“…How does a warehouse manager transform a group of people with different backgrounds, outlooks, and abilities into a high-powered workforce?”

The Changing Face of the Warehouse Workforce,” written by Merrill Douglas for Inbound Logistics, interviews several companies for input on what they are seeing in today’s warehouse workforce and how they are addressing those challenges. Curt Sardeson, President of Open Sky Group and Joe Johnson, Director of IT for Wagner Logistics, were two of several interviewed for the May issue of Inbound Logistics focused on warehousing. Ms. Douglas saw an Open Sky Group blog post, “Warehouse Workforce: The Language Challenges,” and wanted to add Curt and Joe’s insight and experience to the article. Here’s an excerpt from the Inbound Logistics article:

“About 10 years ago, consultant Curt Sardeson helped a client implement a warehouse management system (WMS), which triggered an unexpected labor management issue. “Within six months, the company replaced every lift driver because of language differences,” says Sardeson, president of Open Sky Group, Fuquay-Varina, N.C. Because the original drivers didn’t read English, they couldn’t follow the directions the new WMS displayed on their screens.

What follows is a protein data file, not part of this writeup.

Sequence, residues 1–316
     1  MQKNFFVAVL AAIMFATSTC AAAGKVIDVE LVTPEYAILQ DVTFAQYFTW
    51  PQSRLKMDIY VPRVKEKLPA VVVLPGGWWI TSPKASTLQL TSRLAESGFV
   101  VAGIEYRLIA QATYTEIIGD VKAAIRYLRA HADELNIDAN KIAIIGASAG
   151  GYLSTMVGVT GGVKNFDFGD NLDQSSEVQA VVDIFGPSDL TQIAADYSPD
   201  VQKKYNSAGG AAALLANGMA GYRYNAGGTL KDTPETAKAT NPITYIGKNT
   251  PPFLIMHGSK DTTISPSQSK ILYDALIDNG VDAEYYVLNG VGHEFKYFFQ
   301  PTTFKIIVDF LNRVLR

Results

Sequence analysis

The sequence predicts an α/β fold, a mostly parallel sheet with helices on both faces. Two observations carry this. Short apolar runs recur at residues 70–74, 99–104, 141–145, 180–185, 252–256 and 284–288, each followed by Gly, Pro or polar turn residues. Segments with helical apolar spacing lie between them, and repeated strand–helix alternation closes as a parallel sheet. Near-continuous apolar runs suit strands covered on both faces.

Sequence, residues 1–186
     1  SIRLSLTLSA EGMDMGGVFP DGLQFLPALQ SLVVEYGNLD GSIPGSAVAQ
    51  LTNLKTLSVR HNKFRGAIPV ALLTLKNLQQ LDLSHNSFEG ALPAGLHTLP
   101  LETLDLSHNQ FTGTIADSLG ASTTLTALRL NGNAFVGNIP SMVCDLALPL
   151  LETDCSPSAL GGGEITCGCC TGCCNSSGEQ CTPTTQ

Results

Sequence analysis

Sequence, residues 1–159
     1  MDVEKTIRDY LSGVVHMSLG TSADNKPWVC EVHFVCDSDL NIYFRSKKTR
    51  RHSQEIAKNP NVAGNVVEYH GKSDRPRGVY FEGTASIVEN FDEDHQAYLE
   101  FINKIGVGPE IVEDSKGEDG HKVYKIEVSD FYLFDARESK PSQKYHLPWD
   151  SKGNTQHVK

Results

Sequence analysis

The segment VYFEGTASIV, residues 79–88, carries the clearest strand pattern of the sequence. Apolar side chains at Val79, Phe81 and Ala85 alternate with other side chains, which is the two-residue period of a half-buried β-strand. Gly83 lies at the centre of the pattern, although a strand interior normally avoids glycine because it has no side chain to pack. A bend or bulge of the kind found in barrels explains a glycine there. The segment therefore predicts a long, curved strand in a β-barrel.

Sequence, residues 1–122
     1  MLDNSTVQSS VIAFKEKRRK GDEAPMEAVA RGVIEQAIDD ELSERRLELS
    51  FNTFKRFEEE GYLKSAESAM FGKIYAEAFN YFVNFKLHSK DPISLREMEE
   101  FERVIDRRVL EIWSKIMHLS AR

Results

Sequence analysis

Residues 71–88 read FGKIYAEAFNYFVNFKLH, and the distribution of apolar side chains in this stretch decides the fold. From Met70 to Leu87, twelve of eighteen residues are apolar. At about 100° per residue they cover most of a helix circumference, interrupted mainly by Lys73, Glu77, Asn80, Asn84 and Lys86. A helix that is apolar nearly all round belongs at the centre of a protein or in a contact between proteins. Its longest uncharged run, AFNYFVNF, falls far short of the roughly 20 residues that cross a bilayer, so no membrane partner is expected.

Language diversity is one of many challenges warehouse managers face in their efforts to turn a collection of individuals into a highly productive workforce. Differences in literacy levels, cultural backgrounds, gender, and age can also complicate the job of training, integrating, and managing a diverse workforce. So can heavy employee turnover, or the need to use temporary labor for peak workloads or special projects.

From translation to technology to the buddy system, warehouse managers call on a varied range of strategies to get diverse workforces pulling together as one.

As a nation of immigrants, the United States has dealt with language diversity in the labor force since its earliest days. In many American warehouses today, a large contingent of workers who speak English as a second language (ESL)—if they speak English at all—is not the exception, but the rule.”